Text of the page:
“Their existence and movements are not localized and circumscribed in any fixed and limited point of space. Not being attached to a body, they cannot be stopped and bounded as we are by other bodies; they occupy no space and fill no void; but, just as our soul is entirely present in our whole body and in each of its parts, so they are in their entirety, and almost simultaneously, on all points and in all parts of the world; more rapid than thought, they can operate themselves everywhere in an instant and can operate of themselves, without any other obstacle to their designs than the will of God and the resistance of human liberty.
“While we are reduced to see, only little by little and within certain limits, the things which are outside of us, and while the verities of the supernatural order appear to us as an enigma and as though seen in a mirror, according to the expression of the Apostle Paul, they see, without effort, everything that they need to know, and are in immediate relationship with the object of their thought. Their knowledge is the result, not of induction and reasoning, but of the clear and profound intuition which embraces at once the principles and the species it contains, the principle and the consequences which flow from it.
“Distances of time, differences of place, multiplicity of objects, can produce no confusion in their minds.
The Divine Essence, being infinite, is incomprehensible; it contains mysteries and abysses that the angels cannot fathom. The private designs of Providence are hidden from them; but the secret of those designs is revealed to them by God, when, under certain circumstances, they are called by God to announce them to humankind.
“The communications of God to the angels, and of the angels to one another are not made, as among us, by means of articulate sounds and other signs perceptible by the senses. Pure intelligences have no need of eyes to see, or of ears to hear, nor have they any vocal organ for manifesting their thought, this habitual intermediary of our communications not being needed by them; but they communicate their sentiments to one another in a way that is peculiar to themselves and altogether spiritual. In order to make themselves understood by one another, an act of their will suffices.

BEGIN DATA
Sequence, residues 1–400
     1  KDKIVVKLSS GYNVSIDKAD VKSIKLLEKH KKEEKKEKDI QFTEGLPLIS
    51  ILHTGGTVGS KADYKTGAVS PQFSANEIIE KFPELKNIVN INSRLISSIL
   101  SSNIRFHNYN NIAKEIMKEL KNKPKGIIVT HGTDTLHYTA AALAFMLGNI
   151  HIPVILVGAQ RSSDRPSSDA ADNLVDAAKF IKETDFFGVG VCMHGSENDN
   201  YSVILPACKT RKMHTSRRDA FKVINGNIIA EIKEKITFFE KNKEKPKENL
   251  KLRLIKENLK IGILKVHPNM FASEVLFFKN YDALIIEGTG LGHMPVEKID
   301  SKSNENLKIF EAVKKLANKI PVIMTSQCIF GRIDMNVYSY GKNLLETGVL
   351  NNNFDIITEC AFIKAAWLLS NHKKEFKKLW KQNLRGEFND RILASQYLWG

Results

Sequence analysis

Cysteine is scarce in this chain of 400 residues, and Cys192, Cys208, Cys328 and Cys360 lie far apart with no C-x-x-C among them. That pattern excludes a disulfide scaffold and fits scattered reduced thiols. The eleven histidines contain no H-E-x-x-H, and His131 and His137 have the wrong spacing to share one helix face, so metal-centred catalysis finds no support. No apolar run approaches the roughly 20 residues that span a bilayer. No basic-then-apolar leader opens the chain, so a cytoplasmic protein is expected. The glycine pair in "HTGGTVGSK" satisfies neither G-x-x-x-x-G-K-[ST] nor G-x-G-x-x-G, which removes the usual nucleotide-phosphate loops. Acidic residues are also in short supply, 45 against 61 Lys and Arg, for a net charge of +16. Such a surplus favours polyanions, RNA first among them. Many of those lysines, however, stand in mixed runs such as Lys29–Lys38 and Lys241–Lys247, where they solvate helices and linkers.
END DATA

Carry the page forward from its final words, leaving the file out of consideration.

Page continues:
“God alone knows the number of angels. This number, undoubtedly, is not, and could not be, infinite; but, according to the sacred writers and doctors of the Church, it is prodigiously great. If it were natural to proportion the number of inhabitants of a city to its grandeur and extent, we must naturally conclude that, the Earth being only an atom in comparison with the firmament and the immense regions of space, the number of the inhabitants of Heaven and of the air are vastly greater than that of humankind.
“Since the majesty of kings derives its splendor from the number of their subjects, of their officers, and of their servants, what could give us a more fitting idea of the majesty of the King of kings than this innumerable multitude of angels that people Heaven and Earth, the sea and the abysses, and the dignity of those glorious beings who remain forever bowed down, or erect, about God’s throne?
“The Elders of the Church and the theologians teach, in general terms, that the angels are classed in three grand hierarchies or principalities, and each of these hierarchies, in three companies or choirs.
“Those of the first and highest hierarchy are designated according to their functions which they discharge in Heaven. Some of them are called Seraphim, because they burn, so to say, with the flame of charity kindled in their being by their contemplation of the love of God; others are called Cherubim, because they are the luminous reflex of God’s wisdom; others, again, are called Thrones, because they proclaim God’s greatness and are the manifestations of splendor.
“Those of the second hierarchy receive their names from the functions they exercise in the general government of the universe; they are, the Dominations, who assign their various missions and occupations to the angels of the lower degrees; the Virtues, who accomplish the prodigies required by the general interests of the Church and of the human race; and the Powers, who protect, by their strength and their vigilance, the laws which rule the physical and moral worlds.
“To those of the third hierarchy are entrusted the guidance of societies and of persons; they are styled Principalities, the managers of kingdoms, provinces, and dioceses; Archangels, who transmit to the world messages of high importance; and Guardian Angels, who accompany each of us throughout our earthly life, watch over our safety, and aid us in achieving our purification.”